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Discussion Starter · #1 ·
Has anyone set up for indoor ( garage, basement, etc.) .22 cal. shooting using a "bullet trap". What's been your experience ?? A shooting friend has set up a 30 foot pistol range in his garage using a Champion Bullet Trap, and says it works great. Any comments or advice ??:)
 

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I would be afraid of missing and catching a ricochet sounds kind of dangerous to me. But one piece of advice is make sure the area is well ventilated.

I know a guy that has owned a gun range under a bunch of stores for 20 years. He isn't all there if you know what I mean. People that have been going there for years said he wasn't always like that. They attribute it to the gun powder in the air.
 

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I have one of these:Cabela's - Do-All Bullet Box customer reviews - product reviews - read top consumer ratings
in my basement. I made a wooden box around it with flanges to hold a couple layers of cardboard across the front; that really helps keep all the splatter inside the trap. A good idea would be sighting in while at a range to be sure you can keep the rounds in the trap.
I shoot both my 10/22 and my Buckmark in there, no problems of any kind. Generally I dump the lead out every 100-200 rounds.
 

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Unless you like lead exposure, I wouldn't use the inside of my house for range practice.
I agree, but there is a alternative. My father in law got a pellet gun (Looks like a S&W 686 or maybe Python, been a while since I saw it) that is CO2 powered which he shoots in his basement. Much more health friendly since there is no powder and the pellets don't go to dust when they hit the target. At first I didn't think I'd like shooting the plastic gun, but it's pretty darn fun.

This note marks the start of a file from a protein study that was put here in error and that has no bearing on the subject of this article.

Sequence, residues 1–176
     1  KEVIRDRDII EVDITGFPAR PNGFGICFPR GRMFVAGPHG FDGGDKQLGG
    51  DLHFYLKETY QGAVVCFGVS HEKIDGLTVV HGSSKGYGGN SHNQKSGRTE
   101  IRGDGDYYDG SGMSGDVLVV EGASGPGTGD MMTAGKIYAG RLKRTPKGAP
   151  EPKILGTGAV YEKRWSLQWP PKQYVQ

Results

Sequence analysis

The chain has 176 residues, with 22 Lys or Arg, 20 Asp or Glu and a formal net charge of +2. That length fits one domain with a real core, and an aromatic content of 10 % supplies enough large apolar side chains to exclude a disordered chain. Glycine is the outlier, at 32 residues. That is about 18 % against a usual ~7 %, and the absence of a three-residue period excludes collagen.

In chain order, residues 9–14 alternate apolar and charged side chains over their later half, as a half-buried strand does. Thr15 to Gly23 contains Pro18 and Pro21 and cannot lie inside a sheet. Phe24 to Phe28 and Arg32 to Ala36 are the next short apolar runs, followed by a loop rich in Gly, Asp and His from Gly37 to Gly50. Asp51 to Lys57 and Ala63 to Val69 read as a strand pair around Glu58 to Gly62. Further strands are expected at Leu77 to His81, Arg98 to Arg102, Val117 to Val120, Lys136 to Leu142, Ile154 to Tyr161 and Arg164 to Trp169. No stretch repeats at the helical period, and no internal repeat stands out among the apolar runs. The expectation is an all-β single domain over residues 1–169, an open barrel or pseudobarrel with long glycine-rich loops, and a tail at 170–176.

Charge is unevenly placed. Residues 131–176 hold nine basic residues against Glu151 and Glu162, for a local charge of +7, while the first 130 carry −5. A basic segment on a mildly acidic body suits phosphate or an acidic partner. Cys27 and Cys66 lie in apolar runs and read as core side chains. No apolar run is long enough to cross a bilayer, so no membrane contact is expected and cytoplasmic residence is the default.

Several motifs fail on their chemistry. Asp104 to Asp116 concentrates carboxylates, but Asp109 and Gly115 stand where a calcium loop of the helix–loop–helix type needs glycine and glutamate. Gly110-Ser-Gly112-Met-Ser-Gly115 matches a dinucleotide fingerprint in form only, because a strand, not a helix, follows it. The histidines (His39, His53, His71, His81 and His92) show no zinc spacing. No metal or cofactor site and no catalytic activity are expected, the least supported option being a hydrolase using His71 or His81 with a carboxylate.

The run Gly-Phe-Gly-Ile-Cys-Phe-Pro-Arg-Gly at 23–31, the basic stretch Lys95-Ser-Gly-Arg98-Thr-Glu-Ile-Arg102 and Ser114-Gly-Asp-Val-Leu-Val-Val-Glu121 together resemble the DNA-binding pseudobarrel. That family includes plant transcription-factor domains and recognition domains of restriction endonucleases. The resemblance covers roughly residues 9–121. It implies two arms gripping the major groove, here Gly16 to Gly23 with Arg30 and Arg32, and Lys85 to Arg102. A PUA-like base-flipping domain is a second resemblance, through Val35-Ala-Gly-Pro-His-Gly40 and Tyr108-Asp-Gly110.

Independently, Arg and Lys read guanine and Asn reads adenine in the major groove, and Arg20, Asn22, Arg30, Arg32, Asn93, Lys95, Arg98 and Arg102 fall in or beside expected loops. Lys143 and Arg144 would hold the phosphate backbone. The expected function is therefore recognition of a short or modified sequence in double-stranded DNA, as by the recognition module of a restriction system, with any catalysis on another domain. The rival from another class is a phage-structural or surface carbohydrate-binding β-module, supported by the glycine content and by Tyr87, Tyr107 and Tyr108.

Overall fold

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Just call me chicken. No way in H. Just not enough margin for error. A few years back I had selsyn bales set up in the basement to practice with my bow. Had a release snap, arrow punctured a propane bottle for a lantern, and darn near crapped myself. End of my basement range.
 

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I built my own bullet trap a couple of years ago and use it frequently. Maybe 500 rounds/month. .22's, .38 spl, and even .357 mag. (sparingly). The .357's do dent the back plate, so I don't shoot them much. In my shop, I can get up to 50 feet.

I cleaned out the trap a couple of months ago and "harvested" 50# of lead. Decided to buy a bullet mold and reuse the lead to make new bullets for the .38/.357.

I do live in the country, but shoot indoors to keep the noise level down (for neighbors sake) and it's nice in rainy or cold weather (a frequent occurance in OR).
 

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Discussion Starter · #9 ·
:)
I built my own bullet trap a couple of years ago and use it frequently. Maybe 500 rounds/month. .22's, .38 spl, and even .357 mag. (sparingly). The .357's do dent the back plate, so I don't shoot them much. In my shop, I can get up to 50 feet.

I cleaned out the trap a couple of months ago and "harvested" 50# of lead. Decided to buy a bullet mold and reuse the lead to make new bullets for the .38/.357.

I do live in the country, but shoot indoors to keep the noise level down (for neighbors sake) and it's nice in rainy or cold weather (a frequent occurance in OR).
Nice set up !! I'm going to get myself set up for winter shooting up here in North Dakota. I'm not worried about lead fumes shootin a couple times a month about 100-150 rounds per session, and opening the garage to ventilate as soon as I'm done.
 

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:)

Nice set up !! I'm going to get myself set up for winter shooting up here in North Dakota. I'm not worried about lead fumes shootin a couple times a month about 100-150 rounds per session, and opening the garage to ventilate as soon as I'm done.